The Saratogian will Flip for you
Twenty-five years later, we’re still changing — for the same reason, with a twist. We want to provide your news when you want it, where you want it and how you want it.
You might be reading this over a cup of coffee on your desktop monitor, or laptop, or BlackBerry.
The point is, we’re in the news business, not just the newspaper business.
Finding news online isn’t exactly new. But just this past week The Saratogian began new initiatives to use the Internet to be more timely, compelling and maybe even fun. And more is coming.
Last month, we reported that John Paton would be the new CEO of the Journal Register Co., the Pennsylvania-based parent company of The Saratogian. This month, Paton started his new job with a bang. Or whir. Or whatever you call the sound of a Flip video camera.
He wants this media company to get with it, technologically speaking. To make the point, he sent every publisher and editor home with a Flip and a promise to quickly equip every reporter with one.
We took the toys out of their boxes right away. Our newest reporter, Patrick Donges, a December graduate of University at Albany, knew what to do. For a story about the Saratoga Springs Police Department’s Facebook page, he brought his pad, pen and Flip over to Chief Christopher Cole’s office.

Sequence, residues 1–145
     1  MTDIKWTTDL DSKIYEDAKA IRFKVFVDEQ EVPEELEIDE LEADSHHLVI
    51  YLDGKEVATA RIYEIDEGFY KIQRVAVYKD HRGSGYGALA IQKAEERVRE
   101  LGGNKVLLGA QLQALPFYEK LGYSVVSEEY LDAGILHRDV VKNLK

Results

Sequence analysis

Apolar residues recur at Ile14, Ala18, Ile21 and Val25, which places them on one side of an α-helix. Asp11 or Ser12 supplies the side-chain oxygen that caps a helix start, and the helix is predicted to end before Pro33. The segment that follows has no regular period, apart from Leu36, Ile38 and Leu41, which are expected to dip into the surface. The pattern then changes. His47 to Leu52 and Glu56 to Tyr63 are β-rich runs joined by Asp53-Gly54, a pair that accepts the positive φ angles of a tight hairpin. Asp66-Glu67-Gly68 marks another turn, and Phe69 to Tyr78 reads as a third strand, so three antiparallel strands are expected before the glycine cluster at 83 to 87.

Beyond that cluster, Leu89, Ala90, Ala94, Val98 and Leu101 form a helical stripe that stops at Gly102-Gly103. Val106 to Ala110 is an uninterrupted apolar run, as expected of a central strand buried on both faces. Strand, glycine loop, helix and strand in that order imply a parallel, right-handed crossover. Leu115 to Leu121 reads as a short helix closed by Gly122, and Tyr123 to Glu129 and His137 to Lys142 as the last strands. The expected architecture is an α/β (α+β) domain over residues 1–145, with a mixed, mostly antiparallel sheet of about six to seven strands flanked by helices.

Back in the newsroom, Web Editor Steve Shoemaker quickly uploaded the video. So you can read Donges’ story and also watch Cole talk about the Police Department’s Facebook page in a quick video clip at www.saratogian.com.
Meanwhile, using the more sophisticated video camera, sports writer Stan Hudy, working with Shoemaker, videotaped senior night for the Saratoga Springs ice hockey team. It’s a sweet tribute to the players and their parents.
The Flip will be used more frequently for less complicated quick hits, such as breaking news. Hey, if Tom Coons’ sixth-graders at Maple Avenue Middle School can use them (see the Feb. 5 story by Mareesa Nicosia), so can we.
We’re still learning to think now, as in right now, about getting news online. We’re learning to think of the different ways you want to receive news, and how to make them complementary, not repetitious.
As fun as the Flip is, Paton recognizes we’re not about games and gimmicks. We’re only as good as our content. No matter how the news is gathered and reported, it must be timely, compelling, relevant, complete and credible.
That has always been our job, going back to The Saratogian’s start in 1855. And it will still be our job, whether you’re reading news delivered to your door or to your iPad.
Barbara Lombardo is managing editor of The Saratogian. Readers may e-mail her at blombardo@ saratogian.com.